As America’s waistline grew, the nation’s eating habits continued to worsen. In previous decades, statistics reflected a trend that showed a larger number of overweight and obese people in the population, which coincided with increasing instances of chronic weight-related illnesses. The nation’s people, and its weight problem, continued to bulge, balloon and bloat.
Scientific research and public health campaigns have worked together to send a message that illustrated the need for a shift. Health concerns such as diabetes, heart disease and cancer spread like wildfire. But research shows that people are finally beginning to make a change.
The federal government began to track the eating habits of American adults and children about 40 years ago. From the mid-1970s to 2003, calorie consumption continually rose before hitting its highest point. But in recent years, the amount of calories consumed has begun a solid decline.
The Push for Progress
The 1999 study conducted by the Centers for Disease Control and Prevention was a turning point for many experts and average Americans. Published in The Journal of the American Medical Association, the study included a visual depiction of the worsening obesity rates in all 50 states in the 1980s and 1990s. Experts were shocked.
The study’s lead author, Dr. Ali Mokdad, published another paper a year later that illustrated a correlation between the rising obesity rate and the amount of people diagnosed with diabetes.
In 2001, surgeon general Dr. David Satcher followed suit and published a report referred to as the Call to Action to Prevent and Decrease Overweight and Obesity. The report was a stark warning that obese individuals were at risk of developing chronic illnesses, and that children should be a particular focus of parents working on reducing obesity.
Satcher’s report mirrored the famous 1964 surgeon general’s report on tobacco. After this report was released, dealing with obesity was no longer left on the backburner. It became a major priority.
In 2010, the Obama administration passed the The Affordable Care Act, which required chain restaurants to publish the calorie content of their menu. Shortly after, making school lunches healthier became one of the first lady’s primary projects.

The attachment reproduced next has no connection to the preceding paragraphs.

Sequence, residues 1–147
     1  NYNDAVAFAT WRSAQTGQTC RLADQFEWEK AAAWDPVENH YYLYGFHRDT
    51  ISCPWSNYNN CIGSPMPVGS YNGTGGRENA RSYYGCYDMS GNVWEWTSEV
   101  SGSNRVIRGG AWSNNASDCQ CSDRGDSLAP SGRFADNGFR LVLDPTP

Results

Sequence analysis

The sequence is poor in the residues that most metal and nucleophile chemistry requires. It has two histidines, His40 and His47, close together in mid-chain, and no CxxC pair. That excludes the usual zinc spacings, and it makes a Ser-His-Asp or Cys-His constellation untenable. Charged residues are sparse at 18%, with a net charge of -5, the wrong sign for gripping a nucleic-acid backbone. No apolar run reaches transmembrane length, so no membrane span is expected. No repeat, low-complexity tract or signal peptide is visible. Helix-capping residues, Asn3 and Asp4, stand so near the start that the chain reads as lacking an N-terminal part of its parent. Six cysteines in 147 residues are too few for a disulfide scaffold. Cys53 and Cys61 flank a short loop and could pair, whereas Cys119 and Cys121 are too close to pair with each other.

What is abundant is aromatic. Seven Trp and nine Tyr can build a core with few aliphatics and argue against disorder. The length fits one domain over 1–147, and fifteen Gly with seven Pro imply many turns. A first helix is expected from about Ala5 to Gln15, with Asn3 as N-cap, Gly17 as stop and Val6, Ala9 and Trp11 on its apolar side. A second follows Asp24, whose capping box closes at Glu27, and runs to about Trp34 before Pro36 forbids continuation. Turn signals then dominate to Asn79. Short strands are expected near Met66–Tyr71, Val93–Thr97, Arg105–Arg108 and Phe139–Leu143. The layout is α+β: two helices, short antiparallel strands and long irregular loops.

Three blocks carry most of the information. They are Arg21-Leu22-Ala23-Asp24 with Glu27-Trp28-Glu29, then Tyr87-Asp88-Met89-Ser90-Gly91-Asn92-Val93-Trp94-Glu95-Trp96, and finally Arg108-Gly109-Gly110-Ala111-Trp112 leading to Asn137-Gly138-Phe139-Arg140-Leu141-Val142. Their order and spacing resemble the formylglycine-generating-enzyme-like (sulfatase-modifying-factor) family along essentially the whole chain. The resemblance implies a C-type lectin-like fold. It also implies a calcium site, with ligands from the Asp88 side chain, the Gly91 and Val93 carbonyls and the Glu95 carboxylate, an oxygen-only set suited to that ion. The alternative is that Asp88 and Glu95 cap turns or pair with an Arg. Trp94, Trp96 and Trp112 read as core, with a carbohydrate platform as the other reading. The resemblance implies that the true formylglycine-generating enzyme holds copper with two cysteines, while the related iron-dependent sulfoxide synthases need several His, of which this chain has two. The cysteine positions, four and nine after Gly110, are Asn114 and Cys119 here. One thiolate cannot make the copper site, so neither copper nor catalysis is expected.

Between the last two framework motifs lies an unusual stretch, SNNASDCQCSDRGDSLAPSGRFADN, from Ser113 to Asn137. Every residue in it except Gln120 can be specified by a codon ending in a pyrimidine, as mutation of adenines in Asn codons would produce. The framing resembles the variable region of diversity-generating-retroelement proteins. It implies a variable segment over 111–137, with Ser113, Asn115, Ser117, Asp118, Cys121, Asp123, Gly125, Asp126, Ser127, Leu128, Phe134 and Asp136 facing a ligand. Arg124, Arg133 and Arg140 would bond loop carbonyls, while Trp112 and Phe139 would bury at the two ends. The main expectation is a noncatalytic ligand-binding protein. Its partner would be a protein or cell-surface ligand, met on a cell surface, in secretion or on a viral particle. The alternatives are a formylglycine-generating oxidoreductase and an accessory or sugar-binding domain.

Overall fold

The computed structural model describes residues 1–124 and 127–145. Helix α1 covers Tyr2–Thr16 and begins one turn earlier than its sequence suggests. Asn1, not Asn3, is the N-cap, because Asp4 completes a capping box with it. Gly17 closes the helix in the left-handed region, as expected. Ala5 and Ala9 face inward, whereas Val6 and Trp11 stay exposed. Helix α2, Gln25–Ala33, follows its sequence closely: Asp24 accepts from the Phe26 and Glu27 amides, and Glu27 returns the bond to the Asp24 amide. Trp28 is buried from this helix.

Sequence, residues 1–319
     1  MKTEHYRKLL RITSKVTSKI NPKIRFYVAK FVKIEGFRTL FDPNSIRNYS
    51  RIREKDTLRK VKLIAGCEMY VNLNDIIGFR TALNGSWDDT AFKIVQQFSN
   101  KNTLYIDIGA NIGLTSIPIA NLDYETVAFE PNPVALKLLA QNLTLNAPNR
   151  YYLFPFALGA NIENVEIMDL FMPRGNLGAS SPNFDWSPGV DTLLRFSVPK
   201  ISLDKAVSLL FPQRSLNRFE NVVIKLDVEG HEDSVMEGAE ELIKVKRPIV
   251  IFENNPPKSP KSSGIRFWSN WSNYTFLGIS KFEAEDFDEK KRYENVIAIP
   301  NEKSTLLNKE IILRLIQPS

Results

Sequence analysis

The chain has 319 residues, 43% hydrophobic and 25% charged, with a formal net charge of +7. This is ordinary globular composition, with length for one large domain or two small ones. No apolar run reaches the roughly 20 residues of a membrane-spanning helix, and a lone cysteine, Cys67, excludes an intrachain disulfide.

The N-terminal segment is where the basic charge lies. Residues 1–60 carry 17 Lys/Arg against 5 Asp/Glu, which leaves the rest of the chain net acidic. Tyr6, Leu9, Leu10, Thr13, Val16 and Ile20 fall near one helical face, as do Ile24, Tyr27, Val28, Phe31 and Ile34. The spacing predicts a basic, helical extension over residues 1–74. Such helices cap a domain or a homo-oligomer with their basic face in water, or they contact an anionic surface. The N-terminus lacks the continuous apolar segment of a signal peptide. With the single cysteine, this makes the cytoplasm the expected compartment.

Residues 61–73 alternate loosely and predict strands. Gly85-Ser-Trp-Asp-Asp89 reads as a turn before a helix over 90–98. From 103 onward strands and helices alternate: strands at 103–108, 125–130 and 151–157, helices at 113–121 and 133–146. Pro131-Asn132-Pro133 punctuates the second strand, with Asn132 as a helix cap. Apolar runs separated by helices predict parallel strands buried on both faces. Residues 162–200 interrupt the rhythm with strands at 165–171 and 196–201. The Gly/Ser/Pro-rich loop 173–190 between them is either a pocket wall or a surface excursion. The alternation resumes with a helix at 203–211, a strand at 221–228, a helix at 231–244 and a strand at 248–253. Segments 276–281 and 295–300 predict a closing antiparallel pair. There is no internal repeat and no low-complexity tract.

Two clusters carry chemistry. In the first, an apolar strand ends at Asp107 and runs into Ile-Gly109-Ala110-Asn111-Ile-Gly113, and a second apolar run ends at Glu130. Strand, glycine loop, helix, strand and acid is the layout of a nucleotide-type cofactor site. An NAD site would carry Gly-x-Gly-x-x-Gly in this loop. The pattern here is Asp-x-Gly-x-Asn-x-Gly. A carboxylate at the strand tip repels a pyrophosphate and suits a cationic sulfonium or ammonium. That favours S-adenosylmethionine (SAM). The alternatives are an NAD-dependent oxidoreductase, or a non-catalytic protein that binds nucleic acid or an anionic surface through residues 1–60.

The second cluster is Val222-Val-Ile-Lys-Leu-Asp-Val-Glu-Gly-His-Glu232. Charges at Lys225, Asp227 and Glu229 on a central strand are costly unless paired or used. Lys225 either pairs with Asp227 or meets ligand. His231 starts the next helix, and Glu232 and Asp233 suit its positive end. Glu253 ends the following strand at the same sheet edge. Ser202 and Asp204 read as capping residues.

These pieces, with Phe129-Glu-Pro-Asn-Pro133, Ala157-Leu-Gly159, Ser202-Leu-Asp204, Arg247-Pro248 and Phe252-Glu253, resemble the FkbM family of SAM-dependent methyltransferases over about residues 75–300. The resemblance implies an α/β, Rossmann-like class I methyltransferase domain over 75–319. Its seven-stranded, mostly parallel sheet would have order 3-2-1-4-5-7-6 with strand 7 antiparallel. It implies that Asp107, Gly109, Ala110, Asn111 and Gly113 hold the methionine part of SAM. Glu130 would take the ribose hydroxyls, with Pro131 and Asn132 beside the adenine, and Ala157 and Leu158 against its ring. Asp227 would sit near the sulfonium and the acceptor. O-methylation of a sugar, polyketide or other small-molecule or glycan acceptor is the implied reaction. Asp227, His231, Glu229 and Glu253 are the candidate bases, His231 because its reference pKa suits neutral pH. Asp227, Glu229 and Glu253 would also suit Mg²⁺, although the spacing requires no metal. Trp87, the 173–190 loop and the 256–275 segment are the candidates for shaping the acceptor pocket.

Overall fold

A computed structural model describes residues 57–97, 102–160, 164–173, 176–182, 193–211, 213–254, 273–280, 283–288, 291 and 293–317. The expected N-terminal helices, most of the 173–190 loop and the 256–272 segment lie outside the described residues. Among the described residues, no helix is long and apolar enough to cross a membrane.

How Have American Diets Changed?
Most Americans, especially children, have begun to cut out sugary sodas and soft drinks. The average amount of full-calorie sodas consumed in 1998 was 40 gallons, and it has since dropped to 30 gallons in 2014. The amount of calories children consume has dropped by 9 percent.
Public health campaigns have been targeted at these kinds of beverages, which proves that people are actually getting the message. Beverage companies are even working on changing their inventory, now focusing on producing and marketing diet drinks, flavored waters and iced teas.
Americans are eating smaller portions and consuming a little bit less of various food and drink items than was previously reported. But there has yet to be an overall shift in the kinds of foods that Americans are eating. Fast food and dessert consumption remains high, and the amount of people who shop at farmers markets for fruits and vegetables remains low.
Statistics show that a broad effort to reduce their calorie consumption is being made, and changes are noticeable across different social classes and ethnic groups. However, white families have reportedly made the most progress in comparison to black and hispanic families. Additionally, households with children have cutback on calories more than homes with only adult residents. The emphasis on reducing childhood obesity may be the reason for this trend.
Although diets are changing across different demographics of age, class and ethnicity, the trend has not yet hit the heaviest of Americans. Obese Americans continue to experience a rising weight and waist circumference.
Kevin Hall, a researcher at the National Institutes of Health, estimated that an average adult would need to reduce calorie consumption by 220 calories a day to return to the average body size in 1978 by 2020. Unfortunately, the current changes only meet a fraction of the goal.
Today, more than a third of Americans are still obese. Researchers will continue to publish information about healthy eating habits, and public health officials won’t stop fighting for a better food-focused future.
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